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June 11th 2018


Professors Gordon Fee and Douglas Stuart state that the entire framework of the New Testament is eschatological (How To Read The Bible For All Its Worth, 2003:145). “Eschatology”, they write, “has to do with the end, when God brings this age to its close.” Hence my double entendre heading – Understanding what the Bible teaches about “finally” (Eschatology) is necessary in order to understand what the New Testament teaches.   

“Most Jews in Jesus’ day were eschatological in the their thinking. That is, they thought they lived at the very brink of time, when God would step into history and bring an end to this age and usher in the age to come. The Greek word for the end they were looking for is eschaton“, they write. To this, most scholars would give a hearty ‘Amen!’ This explains why even Christ’s disciples asked the resurrected Christ, “Will You at this time restore the Kingdom to Israel?” (Acts 1:6) And Christ’s response to their question is very telling: “He said to them, ‘It is not for you to know times or seasons that the Father has fixed by his own authority.'”  In other words, Your expectations of what the Messiah was to do, are wrong. The Father has a plan and He has determined when it will be fulfilled. Bear this in mind when you’re reading through the New Testament. Note the eschatological expressions in the New Testament such as “last days” (Acts 2:17; 2Tim. 3:1; Heb. 1:2), “end of the age/s” (Matt. 13:49; 1Cor. 10:11; Heb. 9:26), refer not to the Jewish expectation of the Messiah bringing about the end of the Roman Occupation, but to the end of the Old Covenant because the Messiah had established a New Covenant at Calvary. This is why Hebrews 8:13 declares that the Old Covenant had been ‘made obsolete’ and was ‘about to be done away with’ – that is, the end of the Old Covenant was about to be completed.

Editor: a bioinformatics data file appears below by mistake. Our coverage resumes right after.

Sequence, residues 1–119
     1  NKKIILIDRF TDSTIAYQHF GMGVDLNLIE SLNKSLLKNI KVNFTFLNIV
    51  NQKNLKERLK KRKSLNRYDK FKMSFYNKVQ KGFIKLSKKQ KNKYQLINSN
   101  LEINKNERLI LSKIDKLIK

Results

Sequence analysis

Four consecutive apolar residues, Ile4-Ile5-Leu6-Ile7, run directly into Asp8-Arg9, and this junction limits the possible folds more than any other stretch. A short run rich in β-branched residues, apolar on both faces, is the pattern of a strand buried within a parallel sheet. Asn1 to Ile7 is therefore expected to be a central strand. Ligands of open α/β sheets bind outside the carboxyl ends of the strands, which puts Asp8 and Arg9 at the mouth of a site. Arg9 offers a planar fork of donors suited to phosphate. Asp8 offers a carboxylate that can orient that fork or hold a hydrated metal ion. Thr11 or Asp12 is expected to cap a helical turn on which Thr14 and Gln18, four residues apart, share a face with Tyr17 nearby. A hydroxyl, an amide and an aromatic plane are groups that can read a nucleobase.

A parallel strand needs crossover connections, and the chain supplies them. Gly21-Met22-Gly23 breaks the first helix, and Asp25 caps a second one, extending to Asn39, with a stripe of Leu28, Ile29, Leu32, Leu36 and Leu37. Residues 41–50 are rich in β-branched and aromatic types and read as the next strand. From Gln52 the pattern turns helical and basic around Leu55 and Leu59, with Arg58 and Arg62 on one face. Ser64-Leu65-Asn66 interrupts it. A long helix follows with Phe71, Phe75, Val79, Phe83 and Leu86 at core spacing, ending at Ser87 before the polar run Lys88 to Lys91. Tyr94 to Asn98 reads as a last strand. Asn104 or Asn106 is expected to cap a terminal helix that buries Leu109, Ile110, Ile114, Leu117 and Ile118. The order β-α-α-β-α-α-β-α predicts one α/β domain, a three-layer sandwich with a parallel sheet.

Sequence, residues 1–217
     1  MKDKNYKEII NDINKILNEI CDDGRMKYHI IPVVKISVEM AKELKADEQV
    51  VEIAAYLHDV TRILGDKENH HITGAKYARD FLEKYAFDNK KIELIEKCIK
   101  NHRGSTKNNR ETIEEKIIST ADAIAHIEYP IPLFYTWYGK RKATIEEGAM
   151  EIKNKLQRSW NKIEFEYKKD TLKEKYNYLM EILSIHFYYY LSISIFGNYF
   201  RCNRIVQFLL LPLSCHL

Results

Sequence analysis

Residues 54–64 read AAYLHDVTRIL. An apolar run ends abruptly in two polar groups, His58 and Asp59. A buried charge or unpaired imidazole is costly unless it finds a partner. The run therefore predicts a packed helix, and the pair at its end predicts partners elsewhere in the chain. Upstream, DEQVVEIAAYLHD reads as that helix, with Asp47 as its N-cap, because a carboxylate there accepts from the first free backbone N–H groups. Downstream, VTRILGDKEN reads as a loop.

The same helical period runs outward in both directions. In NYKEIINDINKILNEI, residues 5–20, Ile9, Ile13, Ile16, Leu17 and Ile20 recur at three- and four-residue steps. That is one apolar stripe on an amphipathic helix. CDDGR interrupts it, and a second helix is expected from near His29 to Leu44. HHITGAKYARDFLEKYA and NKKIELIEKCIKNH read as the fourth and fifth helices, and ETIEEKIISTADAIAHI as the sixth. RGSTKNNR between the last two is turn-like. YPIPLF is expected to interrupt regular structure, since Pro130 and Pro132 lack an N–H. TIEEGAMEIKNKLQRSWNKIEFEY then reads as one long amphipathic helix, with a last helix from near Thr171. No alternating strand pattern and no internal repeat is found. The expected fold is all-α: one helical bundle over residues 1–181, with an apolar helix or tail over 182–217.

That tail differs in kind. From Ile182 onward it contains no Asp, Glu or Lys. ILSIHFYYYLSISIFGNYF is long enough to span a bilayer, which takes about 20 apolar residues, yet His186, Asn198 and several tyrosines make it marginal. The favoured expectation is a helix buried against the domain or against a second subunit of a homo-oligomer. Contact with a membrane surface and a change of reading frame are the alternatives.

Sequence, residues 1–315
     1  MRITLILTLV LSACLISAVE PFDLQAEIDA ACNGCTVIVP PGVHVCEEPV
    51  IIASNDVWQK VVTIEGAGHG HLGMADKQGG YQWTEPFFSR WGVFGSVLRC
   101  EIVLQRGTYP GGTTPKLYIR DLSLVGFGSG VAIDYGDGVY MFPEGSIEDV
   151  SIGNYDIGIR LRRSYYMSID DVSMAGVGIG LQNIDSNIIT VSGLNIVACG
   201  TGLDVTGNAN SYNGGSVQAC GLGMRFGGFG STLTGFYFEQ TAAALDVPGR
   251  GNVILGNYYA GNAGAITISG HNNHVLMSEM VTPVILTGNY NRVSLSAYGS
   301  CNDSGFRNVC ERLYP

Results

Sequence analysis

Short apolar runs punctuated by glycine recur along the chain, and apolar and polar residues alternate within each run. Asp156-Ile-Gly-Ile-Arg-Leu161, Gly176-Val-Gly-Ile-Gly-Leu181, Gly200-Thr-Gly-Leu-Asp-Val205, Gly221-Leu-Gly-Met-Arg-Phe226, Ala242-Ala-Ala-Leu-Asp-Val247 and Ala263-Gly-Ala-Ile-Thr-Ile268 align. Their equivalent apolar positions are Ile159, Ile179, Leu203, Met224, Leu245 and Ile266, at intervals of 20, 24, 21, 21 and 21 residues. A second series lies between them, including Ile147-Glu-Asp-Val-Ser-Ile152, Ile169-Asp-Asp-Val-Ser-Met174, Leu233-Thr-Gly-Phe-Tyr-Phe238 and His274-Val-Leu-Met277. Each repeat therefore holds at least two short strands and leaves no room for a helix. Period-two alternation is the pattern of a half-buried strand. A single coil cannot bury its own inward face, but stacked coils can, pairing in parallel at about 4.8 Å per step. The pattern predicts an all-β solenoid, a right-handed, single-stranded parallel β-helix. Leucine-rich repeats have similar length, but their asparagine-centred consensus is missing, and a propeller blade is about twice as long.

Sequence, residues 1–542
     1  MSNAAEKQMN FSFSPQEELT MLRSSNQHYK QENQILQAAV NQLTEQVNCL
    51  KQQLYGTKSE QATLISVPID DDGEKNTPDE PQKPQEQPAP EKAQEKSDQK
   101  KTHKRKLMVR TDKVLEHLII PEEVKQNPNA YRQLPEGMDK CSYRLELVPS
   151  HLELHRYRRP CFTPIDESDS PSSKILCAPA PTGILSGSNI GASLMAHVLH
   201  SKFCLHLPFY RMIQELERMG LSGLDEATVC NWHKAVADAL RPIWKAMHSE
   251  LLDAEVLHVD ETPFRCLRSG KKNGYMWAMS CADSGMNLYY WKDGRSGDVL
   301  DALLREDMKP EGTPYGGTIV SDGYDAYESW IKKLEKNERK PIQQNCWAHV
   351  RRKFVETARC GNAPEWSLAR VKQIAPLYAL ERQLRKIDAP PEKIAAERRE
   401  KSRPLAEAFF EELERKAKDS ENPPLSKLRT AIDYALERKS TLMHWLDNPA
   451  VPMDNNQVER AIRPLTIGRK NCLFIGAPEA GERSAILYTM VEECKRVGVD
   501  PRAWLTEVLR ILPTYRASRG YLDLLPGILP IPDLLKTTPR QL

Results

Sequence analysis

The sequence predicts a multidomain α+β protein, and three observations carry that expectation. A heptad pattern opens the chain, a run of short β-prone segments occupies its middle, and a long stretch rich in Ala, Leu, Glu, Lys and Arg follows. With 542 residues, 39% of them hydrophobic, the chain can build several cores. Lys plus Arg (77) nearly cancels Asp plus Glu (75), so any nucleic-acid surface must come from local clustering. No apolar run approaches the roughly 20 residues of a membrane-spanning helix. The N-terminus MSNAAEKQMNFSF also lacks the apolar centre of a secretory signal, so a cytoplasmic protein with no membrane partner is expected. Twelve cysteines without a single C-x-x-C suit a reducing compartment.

Diagram taken from the book, The Most Embarrassing Verse In The Bible

Diagram taken from the book, The Most Embarrassing Verse In The Bible

Because the study of Eschatology is about final things, it presumes that there is divine plan. Like any good story, this divine plan isn’t merely how a chapter ends, but how the story itself ends. Thus, eschatology is the study of God’s unfolding plan which is formatted by a Part 1 (the Old Covenant) and Part 2 (the New Covenant). Most of the eschatological language of the New Testament actually refers to the end of the Old Covenant (the drawing to a close of ‘Part 2’).

As you have a look through the articles on this site, I hope you’ll come to understand what the New Testament means by such eschatological expressions. [Begin]

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